• Additionally or alternatively, one or more of the reference condition thresholds may also define other criteria used by the emergency event determination module 310 to determine the presence of an emergency event. For example, in some embodiments, the vital signs (e.g., heart rate, blood pressure, blood oxygen level, breathing pattern, etc.) of one or more occupants within the vehicle 102 may be monitored by one or more wearable sensors 126. In such embodiments, one or more of the reference condition thresholds may define minimum and/or maximum vital signs permitted. Additionally or alternatively, one or more of the reference condition thresholds may specify that an emergency event is present only if an operator of the vehicle 102 is no longer present. It should be appreciated that any criteria and/or reference threshold may be used by the emergency event determination module 310 to determine the presence of an emergency event within the vehicle 102. It should also be appreciated that although the emergency event determination module 310 determines the presence of an emergency event based at least in part on reference condition thresholds in the illustrative embodiment, the emergency event determination module 310 may additionally or alternatively be configured to utilize other techniques to determine the presence of an emergency event in other embodiments. For example, in some embodiments, the emergency event determination module 310 may be configured to utilize one or more artificial intelligence-based techniques (e.g., search algorithms, mathematical optimization, and/or evolutionary computations; logic programming and/or automated reasoning; probabilistic algorithms; statistical-based learning methods; Bayesian networks; trained and/or boosted classifiers; machine learning; artificial neural networks; and/or any other artificial intelligence-based technique) to actively detect anomalous or dangerous conditions within the vehicle 102.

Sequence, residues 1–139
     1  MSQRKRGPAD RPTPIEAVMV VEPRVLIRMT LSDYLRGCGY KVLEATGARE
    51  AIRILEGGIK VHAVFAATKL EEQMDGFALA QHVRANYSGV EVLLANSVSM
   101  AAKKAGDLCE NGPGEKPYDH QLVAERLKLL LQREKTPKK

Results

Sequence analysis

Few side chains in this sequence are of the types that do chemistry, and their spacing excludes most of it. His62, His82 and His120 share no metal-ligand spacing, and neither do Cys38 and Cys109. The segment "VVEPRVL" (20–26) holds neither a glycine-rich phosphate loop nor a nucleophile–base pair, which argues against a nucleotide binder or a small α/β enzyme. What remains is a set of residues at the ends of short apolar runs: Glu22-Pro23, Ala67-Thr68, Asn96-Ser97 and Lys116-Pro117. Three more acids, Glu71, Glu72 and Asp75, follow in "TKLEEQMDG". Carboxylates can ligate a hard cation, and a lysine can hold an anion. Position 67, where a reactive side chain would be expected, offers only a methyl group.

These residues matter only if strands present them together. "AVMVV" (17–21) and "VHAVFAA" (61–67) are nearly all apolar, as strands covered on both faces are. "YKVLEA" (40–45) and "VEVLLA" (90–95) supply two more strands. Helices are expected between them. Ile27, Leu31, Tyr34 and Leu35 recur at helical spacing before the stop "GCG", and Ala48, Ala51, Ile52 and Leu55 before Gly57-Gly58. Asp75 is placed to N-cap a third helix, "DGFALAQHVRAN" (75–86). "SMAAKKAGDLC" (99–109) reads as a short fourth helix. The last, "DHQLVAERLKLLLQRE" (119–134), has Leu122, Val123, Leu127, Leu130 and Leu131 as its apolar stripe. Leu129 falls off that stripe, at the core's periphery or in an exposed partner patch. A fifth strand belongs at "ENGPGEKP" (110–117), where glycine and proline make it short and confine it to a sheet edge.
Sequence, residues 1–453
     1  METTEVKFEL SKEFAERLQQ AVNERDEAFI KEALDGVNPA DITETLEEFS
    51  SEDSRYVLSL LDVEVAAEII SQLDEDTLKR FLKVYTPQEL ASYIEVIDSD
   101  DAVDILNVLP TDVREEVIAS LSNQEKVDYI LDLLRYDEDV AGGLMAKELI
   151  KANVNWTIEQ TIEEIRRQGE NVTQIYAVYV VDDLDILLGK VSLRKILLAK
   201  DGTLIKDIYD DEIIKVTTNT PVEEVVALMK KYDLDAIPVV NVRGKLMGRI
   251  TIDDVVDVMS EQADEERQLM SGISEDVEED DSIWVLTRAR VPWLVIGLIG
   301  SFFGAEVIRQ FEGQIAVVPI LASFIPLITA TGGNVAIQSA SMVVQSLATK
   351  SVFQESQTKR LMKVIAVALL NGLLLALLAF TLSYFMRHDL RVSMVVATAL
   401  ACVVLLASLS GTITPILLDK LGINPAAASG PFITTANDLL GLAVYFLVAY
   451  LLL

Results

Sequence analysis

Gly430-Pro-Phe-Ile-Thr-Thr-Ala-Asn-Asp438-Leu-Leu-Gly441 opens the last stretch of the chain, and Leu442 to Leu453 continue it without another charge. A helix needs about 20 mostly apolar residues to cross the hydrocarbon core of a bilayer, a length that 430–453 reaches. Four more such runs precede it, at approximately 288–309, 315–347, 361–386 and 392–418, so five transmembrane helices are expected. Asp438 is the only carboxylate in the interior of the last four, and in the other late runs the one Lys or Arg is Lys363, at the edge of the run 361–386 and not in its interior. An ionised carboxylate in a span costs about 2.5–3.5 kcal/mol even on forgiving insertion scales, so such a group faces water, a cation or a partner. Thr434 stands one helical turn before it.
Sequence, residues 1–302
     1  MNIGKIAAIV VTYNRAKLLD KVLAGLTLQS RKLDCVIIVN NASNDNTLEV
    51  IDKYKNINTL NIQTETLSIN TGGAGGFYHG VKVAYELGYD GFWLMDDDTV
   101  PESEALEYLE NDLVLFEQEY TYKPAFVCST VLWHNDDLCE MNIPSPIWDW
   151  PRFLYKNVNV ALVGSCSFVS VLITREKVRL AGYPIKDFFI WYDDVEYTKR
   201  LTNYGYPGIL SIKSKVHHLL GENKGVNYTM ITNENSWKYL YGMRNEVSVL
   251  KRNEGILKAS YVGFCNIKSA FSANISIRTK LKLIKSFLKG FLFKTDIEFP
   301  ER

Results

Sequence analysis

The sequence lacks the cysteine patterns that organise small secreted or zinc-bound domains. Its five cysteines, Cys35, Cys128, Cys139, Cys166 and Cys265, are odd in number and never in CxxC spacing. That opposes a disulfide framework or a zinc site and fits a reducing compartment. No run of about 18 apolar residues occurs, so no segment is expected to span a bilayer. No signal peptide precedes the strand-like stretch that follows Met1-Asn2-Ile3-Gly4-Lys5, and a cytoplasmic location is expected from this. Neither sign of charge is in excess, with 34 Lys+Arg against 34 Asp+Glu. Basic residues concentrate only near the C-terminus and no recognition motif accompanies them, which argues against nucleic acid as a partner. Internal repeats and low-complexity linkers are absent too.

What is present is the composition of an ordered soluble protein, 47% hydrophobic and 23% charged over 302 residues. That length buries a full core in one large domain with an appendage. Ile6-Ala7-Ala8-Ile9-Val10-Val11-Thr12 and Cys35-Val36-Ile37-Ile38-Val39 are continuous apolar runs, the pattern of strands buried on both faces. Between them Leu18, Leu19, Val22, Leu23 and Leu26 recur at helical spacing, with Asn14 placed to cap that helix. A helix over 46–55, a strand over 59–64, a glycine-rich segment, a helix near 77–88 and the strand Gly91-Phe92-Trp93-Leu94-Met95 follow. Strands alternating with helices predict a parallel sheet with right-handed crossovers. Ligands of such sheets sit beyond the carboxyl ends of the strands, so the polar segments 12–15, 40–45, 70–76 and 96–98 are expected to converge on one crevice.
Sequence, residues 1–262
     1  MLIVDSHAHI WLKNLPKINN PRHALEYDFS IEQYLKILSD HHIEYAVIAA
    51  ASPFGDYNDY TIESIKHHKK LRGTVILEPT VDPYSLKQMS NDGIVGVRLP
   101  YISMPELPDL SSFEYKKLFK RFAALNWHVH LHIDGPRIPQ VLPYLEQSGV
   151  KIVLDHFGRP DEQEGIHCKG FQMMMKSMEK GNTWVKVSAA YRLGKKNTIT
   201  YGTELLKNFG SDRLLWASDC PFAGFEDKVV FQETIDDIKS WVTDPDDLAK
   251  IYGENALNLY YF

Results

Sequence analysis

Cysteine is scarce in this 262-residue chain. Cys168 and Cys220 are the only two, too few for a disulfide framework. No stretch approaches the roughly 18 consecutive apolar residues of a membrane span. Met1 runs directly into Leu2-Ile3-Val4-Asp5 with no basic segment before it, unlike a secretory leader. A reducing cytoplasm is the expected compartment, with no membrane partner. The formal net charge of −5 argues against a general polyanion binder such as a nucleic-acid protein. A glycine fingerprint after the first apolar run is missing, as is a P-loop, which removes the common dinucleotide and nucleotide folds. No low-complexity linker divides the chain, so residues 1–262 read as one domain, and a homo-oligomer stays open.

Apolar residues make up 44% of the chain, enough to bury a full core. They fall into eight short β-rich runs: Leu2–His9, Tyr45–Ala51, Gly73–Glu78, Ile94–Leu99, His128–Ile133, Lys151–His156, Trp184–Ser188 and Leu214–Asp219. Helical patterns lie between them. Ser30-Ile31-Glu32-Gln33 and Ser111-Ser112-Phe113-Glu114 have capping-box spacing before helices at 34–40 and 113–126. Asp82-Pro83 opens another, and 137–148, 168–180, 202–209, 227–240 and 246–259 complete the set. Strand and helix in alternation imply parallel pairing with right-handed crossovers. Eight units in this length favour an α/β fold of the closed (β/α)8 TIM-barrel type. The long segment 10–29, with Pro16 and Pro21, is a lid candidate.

• The emergency action module 312 is configured to initiate or otherwise perform one or more emergency actions in response to the vehicle monitoring module 304 (e.g., via the emergency event determination module 310) determining the presence of an emergency event within the vehicle 102. For example, in some embodiments, emergency action module 312 is configured to alert or otherwise notify the operator of the vehicle 102, third-party emergency services, a passerby, or another party of the presence of an emergency event. To do so, the emergency action module 312 may include the notification module 314. The notification module 314 is configured to generate and transmit a message alerting or otherwise notifying the operator of the vehicle 102, third-party emergency services, and/or another party of the emergency event. For example, in some embodiments, the notification module 314 is configured to transmit a message to the mobile computing device 140 of the operator alerting of the emergency event (e.g., the unsafe conditions within the vehicle 102 and the presence of a non-operator occupant). Additionally or alternatively, the notification module 314 is configured to transmit the message to the remote emergency system 150 operated by the third-party emergency services. In either case, the message may be embodied as a text message and/or any other type of message (e.g., an email, an application message, a video message, a phone call, etc.) notifying and/or alerting the operator of vehicle 102 and/or the third-party emergency services of the emergency event. In some embodiments, the message transmitted by the notification module 314 may include information indicative of the emergency event. For example, the message may include a description of the emergency event, one or more environmental conditions sensed within the vehicle 102, the location of the vehicle 102, and/or any other information to facilitate the operator of the vehicle and/or third-party emergency services personnel in locating the vehicle and/or responding to the emergency event. Additionally or alternatively, in some embodiments, the notification module 314 may also be configured to transmit live streaming video and/or an image captured by the one or more cameras 124 for verification by the operator of the vehicle 102 and/or the third-party emergency services personnel. In embodiments wherein an image captured by the one or more cameras 124 is transmitted for verification, the image may be annotated to facilitate verifying occupants detected within the vehicle 102.